People try to convince me to get rid of my son’s pacifier by rattling off stories of kids that had speech problems or messed up gums, but I certainly don’t talk about how my grandmother died of lung cancer every time someone lights up or highlight the rising rate of obesity when someone opts for their second slice of double chocolate cake. When someone brags about their late night out, I don’t scold them for depriving themselves of essential sleep or yell at them for their daily caffeine intake. I cannot listen to people chastise me for not taking away my son’s pacifier if they consistently make bad decisions for their own life… but I will respect their right to make those decisions, because it’s their business and not mine.

As for my child, maybe he will have to go to the dentist a few extra times to get his teeth and gums checked if he keeps his pacifier for another year, but that’s preferable over having to schedule the regular therapy appointments he will need if I take away the only thing that settles his nerves when he has a new babysitter, has to travel on a plane, or is scared of something.

Kids don’t have the luxury of a million words at their disposal to tell us when someone’s look makes them uncomfortable, when an unknown environment terrifies them, or when they’re embarrassed by something (small or big), so I have to trust that my child is alleviating his own stress by sucking on plastic for a few minutes a day. I constantly hug my child and talk to him and listen to him when he does have the ability to share something, even if it’s only with a look or his body language. Everyone else’s war on my child and his pacifier revolves around their own personal take on the situation, without taking my son’s needs into account, whereas for me it’s about the notion that his emotional health is more valuable to me than his dental health.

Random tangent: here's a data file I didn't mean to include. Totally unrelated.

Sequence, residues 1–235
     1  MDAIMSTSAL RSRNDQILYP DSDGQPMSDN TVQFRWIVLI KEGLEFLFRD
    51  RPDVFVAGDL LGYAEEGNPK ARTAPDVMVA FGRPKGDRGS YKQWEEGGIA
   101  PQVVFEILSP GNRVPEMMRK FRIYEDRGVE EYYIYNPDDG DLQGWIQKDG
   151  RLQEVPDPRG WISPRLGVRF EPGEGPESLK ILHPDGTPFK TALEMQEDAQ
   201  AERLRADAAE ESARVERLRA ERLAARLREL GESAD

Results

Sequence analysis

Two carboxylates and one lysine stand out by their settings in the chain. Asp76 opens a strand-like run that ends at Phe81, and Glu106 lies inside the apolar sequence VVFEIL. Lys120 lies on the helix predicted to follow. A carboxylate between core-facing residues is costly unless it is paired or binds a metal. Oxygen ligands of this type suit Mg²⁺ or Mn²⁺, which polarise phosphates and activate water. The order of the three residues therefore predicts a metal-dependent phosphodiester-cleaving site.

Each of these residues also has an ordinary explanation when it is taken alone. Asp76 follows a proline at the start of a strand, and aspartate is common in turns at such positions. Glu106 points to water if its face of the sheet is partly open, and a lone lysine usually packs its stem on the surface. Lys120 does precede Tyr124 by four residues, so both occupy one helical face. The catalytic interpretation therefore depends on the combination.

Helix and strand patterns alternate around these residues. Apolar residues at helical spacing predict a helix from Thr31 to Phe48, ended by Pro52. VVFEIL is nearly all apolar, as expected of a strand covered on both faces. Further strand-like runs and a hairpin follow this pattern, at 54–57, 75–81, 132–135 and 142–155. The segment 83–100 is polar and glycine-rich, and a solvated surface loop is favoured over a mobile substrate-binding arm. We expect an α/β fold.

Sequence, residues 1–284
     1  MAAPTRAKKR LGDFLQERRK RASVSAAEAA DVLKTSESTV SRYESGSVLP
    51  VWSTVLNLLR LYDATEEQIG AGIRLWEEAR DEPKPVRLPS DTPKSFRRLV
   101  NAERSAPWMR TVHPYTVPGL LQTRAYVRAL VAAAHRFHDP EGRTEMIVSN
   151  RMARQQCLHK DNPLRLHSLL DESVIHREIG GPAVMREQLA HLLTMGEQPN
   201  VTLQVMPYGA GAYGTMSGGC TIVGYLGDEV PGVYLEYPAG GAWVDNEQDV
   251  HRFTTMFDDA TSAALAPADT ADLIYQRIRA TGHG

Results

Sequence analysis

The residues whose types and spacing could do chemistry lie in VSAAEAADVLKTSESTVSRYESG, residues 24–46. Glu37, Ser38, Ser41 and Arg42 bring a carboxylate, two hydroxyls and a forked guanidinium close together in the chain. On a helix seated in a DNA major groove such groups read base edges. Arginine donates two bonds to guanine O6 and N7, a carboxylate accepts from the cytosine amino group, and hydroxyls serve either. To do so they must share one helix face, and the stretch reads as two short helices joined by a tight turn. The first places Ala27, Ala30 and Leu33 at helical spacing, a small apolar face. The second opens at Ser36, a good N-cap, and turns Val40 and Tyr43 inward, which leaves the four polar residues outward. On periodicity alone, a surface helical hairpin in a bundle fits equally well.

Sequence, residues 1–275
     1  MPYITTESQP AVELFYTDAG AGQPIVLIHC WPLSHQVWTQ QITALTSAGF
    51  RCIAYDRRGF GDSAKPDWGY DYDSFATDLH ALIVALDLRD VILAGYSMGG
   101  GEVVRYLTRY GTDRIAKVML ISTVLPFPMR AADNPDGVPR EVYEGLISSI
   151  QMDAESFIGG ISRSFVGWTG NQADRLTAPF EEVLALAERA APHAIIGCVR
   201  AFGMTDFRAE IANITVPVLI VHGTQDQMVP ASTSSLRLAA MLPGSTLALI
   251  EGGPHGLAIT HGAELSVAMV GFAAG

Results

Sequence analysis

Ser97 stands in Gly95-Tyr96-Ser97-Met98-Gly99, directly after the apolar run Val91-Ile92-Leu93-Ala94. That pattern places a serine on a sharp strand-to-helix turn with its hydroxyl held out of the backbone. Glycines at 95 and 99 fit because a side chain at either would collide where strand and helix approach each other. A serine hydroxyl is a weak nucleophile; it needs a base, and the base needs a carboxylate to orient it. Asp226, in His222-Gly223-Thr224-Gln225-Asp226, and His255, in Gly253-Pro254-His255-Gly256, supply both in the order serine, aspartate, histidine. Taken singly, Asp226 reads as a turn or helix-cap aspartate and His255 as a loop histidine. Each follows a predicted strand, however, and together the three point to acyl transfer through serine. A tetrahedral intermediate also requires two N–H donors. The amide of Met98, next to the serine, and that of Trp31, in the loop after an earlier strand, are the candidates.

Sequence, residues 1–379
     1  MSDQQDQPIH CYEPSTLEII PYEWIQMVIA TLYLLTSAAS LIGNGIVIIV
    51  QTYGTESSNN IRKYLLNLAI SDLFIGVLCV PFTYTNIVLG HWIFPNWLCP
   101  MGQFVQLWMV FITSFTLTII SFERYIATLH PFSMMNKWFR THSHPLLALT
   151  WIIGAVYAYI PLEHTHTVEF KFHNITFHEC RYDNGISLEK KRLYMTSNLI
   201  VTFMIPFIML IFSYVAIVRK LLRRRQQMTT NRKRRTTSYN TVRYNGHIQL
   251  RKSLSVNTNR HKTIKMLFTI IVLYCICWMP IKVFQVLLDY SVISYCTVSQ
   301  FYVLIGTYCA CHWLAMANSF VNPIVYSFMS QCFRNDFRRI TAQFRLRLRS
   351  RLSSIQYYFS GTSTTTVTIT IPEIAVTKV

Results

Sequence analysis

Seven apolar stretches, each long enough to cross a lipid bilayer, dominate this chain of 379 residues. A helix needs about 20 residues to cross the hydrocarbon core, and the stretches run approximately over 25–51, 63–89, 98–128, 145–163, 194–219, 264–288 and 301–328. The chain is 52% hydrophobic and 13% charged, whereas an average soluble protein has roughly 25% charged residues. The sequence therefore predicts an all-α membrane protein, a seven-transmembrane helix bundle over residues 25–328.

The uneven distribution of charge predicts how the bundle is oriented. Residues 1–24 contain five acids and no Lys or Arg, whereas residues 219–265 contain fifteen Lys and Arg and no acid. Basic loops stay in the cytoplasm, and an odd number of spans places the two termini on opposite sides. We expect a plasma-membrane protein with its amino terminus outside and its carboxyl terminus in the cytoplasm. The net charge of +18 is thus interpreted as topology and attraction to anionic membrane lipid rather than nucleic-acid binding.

The people who think I’m awful and should hide it or let him cry it out for days for the sake of his dental health can pipe down and look at their own lives. How many things do they rely on to calm them that do more harm than good? Even if I mess up my kid’s teeth, he can get them repaired. I don’t think you can buy yourself a new heart, liver, eyeballs, set of lungs when you indulge in all the things adults these days turn to for comfort (fast food, drugs, caffeine, alcohol, TV, cigarettes, etc.).

But that’s just me and my opinion. I don’t expect to change anyone’s mind, and I’m not trying to justify my choices as a parent because I don’t owe anyone an explanation. All I’m asking is for a little less hypocrisy, or at the very least some respect for the fact that I’ve made a decision and it’s no one else’s place to try to override it.

This post was originally published on Scary Mommy.


About the Author

Originally from Florida, Susana now lives in wintry Minnesota with her husband, son, and two dogs. With a background in mechanical engineering, she is currently working as a technical advisor to patent attorneys at a prominent law firm. Susana loves swimming, watching ‘Friends’ and ‘The Office’, eating pizza, and scrapbooking. Her writing has appeared in newspapers, magazines, websites, and technical manuals. She recently created a blog to share the whimsy of her life as a working mother with bipolar depression. Follow Susana on Twitter and read more on her blog Singing and Screaming